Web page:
January 29, 2007
Were You Offended?

Mike Fancher's weekly column in yesterday's Seattle Times covered the outrage of some locals over a front page story discussing less-than-warmly dressed baristas at a smattering of local coffee stands. Judging from Fancher's column, a not insignificant chunk of the Times' readership was perturbed by the coverage (or lack thereof).

Personally, I don't get it. The online pictures that accompanied the print story are not gratuitous (the 1st picture was on the front page, the 2nd on the inside of the main section). One could see as much flesh, if not more, from photos of the recently successful UW women's volleyball team in modern uniforms or from fashion shots of the current parade of Hollywood award shows. You can even see more from the lingerie models that regularly grace the inside pages of the Times' main section.

It seems the outrage in this case is because of the more direct sexual connotation. Furthermore, it seems the nannyism we periodically rail about at this site has a constituency. I thought the article presented both sides of the story and the pictures themselves were not more sexual than any of a number of other images one can regularly find in various sections of the newspaper.

Your thoughts?

Posted by Eric Earling at January 29, 2007 08:18 AM | Email This
Comments
1. Mike doesn't get out very often does he. )-:

Posted by: Army Medic/Vet on January 29, 2007 08:30 AM
2. Eric

You can see worse than this at a 15 minute stint at the mall. I really don't see what all the commotion is about.

Posted by: chris on January 29, 2007 08:36 AM
3. Don't like it, don't go.

Posted by: katomar on January 29, 2007 08:51 AM
4. Liberals aren't happy if they're not offended by something, or sticking their noses into peoples' lives and telling them what to do.

A few years ago the Times dared publish a photo of a mother and her children rollerblading without wearing helmets, prompting this response:

"Protective gear is
a necessity, not just a nice thing to do

Editor, The Times:

The Times photo of Rollerblading moms, a child and kids in strollers was a depressing sight.

The image was one of cheerfulness, fun and good health. Sadly, not one of them was wearing a helmet, wrist guards or knee or elbow pads.

The way to really have fun is to also be safe. Whether it's Rollerblades, bikes, skateboards, skis or scooters, helmets and other protective gear are a need to do, not a nice to do.

Think safety, moms! Your next time out will be even better."

Posted by: Bill Cruchon on January 29, 2007 09:00 AM
5. Normally, I'd suspect our local evangitards of being offended by less skin than you'd see at on any random warm spring day at the mall, but I guess when it comes to women "degrading" themselves by using their bodies to sell a bit of coffee the libtards come out instead.

It's not so much what you do, as why you do it that gets the panties in a wad....

Posted by: H Moul on January 29, 2007 09:10 AM
6. I wasn't offended. In fact, I rather enjoyed the photos.

I don't care for the image that sets for young girls, but that it is *gasp* a parent's job to re-enforce positive images for their children.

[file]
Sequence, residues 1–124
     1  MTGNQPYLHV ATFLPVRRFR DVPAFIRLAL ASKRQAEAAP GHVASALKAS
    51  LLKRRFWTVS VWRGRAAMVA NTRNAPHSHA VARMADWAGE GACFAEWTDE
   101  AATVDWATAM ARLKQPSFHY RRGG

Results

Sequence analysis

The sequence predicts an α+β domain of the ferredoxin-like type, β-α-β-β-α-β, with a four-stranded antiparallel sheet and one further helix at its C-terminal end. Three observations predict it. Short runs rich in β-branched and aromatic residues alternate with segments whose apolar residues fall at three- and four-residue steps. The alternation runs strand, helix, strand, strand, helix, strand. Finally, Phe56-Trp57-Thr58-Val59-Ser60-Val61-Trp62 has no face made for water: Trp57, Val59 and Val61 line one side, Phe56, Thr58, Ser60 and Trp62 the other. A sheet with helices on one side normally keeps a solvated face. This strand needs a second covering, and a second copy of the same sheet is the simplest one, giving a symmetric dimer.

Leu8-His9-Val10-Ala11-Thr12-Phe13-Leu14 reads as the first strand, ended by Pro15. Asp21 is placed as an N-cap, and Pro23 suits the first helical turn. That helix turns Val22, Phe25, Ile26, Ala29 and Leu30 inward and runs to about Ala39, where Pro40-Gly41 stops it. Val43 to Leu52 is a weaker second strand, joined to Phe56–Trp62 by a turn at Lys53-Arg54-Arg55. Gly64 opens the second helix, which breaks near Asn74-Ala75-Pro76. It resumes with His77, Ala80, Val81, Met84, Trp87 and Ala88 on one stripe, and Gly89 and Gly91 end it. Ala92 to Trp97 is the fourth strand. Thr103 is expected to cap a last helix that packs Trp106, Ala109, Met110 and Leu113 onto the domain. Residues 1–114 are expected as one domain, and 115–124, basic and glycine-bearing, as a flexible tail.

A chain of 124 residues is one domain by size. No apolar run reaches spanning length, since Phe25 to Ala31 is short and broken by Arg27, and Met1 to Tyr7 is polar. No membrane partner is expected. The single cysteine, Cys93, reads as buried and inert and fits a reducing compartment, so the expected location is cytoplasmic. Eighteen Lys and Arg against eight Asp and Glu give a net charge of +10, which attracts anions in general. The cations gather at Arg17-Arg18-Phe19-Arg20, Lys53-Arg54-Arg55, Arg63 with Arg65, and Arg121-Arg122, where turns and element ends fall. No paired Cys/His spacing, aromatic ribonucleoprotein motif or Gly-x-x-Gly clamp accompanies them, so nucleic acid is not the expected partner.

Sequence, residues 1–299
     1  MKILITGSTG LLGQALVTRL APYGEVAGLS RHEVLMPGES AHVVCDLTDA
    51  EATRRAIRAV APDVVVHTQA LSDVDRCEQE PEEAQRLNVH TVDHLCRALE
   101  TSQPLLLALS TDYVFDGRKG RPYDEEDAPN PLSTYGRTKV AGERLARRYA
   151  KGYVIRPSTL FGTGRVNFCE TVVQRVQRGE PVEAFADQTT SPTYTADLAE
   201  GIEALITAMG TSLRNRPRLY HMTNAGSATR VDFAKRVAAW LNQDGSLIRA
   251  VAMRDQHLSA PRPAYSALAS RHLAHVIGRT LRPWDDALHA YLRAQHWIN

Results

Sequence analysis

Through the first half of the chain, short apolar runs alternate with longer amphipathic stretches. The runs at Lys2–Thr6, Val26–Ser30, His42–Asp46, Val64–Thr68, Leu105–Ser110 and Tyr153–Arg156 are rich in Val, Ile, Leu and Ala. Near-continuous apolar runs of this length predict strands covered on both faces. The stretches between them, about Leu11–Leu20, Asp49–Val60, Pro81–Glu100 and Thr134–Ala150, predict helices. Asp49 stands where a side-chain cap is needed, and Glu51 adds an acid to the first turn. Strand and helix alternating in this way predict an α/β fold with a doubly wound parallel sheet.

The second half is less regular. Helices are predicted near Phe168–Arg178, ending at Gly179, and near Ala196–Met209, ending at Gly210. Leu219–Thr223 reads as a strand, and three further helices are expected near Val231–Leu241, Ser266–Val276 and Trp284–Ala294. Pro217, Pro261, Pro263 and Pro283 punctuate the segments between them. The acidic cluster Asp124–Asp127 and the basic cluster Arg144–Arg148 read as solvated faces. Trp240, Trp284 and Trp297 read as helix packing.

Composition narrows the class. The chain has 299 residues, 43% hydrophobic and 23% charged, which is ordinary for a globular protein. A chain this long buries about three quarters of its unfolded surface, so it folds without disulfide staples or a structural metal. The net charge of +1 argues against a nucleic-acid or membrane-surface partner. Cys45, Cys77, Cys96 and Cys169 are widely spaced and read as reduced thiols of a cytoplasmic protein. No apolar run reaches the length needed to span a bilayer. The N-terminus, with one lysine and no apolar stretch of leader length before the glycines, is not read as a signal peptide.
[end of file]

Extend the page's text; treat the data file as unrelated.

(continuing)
I can't believe that some of these girls were in high school and their parents are OK with them working in that environment (actually, I can believe that).

Bottom-line is that if you don't like it, don't go. If you don't want to dress like that at work, find one of the 700 other coffee stands to work at.

Posted by: eric on January 29, 2007 09:10 AM
7. "a not insignificant chunk of the Times' readership was perturbed"

And who exactly reads the Times except liberals and the paper's critics? If the paper's liberal readership was equally offended by the lies and distortion the paper regularly prints, then that would be news. Unfortunately, though, the liberal readership accepts what the paper prints because they want it to be true. Can't let the facts or reality get in the way of a good old Bush-bashing. Bush lied, Americans responsible for hundreds of thousands of dead, no threat by terrorists to America, yada, yada, yada.

Hillary will save the planet, and Democrats have real ideas. Yeah, now that's funny!

Posted by: MJC on January 29, 2007 09:22 AM
8. I'm offended every time I see Hillary Clinton. (Especially when she pretends she's a straight, married woman.)

Posted by: Walters on January 29, 2007 09:29 AM
9. Offended ??... The whole flap is ridiculous:
Like people already mentioned:
Been to the malls lately, especially on a hot summer day ??..

How about the public beaches in Hawaii, where some young ladies seem to compete to see whose bikini can win the race for the the minimum number of square inches ??

How about all the college and pro-sports cheeleading teams ??.. I doubt that a demonstated proficiency in calculus and differential equations is one of the ''standards'' for making the team.

Give me a break:

As long as they meet the minimum legal standard for being ''dressed'', capitalism provides the obvious solution for everybody in this case:
If you don't like the attire of the person serving your coffee, GO TO ANOTHER COFFEE STAND.

I'm left with just ONE question:
Just how far is the socialist nanny-state gonna go in WA ??

Posted by: Methow Ken on January 29, 2007 09:47 AM